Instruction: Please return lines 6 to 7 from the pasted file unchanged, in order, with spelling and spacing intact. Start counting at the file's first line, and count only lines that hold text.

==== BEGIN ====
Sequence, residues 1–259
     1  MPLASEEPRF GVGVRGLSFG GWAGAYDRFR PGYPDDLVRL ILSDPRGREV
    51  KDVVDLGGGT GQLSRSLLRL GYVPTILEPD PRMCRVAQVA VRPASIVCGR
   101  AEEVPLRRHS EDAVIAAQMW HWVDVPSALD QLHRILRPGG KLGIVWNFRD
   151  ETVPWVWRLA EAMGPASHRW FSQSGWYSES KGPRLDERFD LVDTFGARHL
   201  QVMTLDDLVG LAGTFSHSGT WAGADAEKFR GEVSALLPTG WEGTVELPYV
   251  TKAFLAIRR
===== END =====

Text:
   201  QVMTLDDLVG LAGTFSHSGT WAGADAEKFR GEVSALLPTG WEGTVELPYV
   251  TKAFLAIRR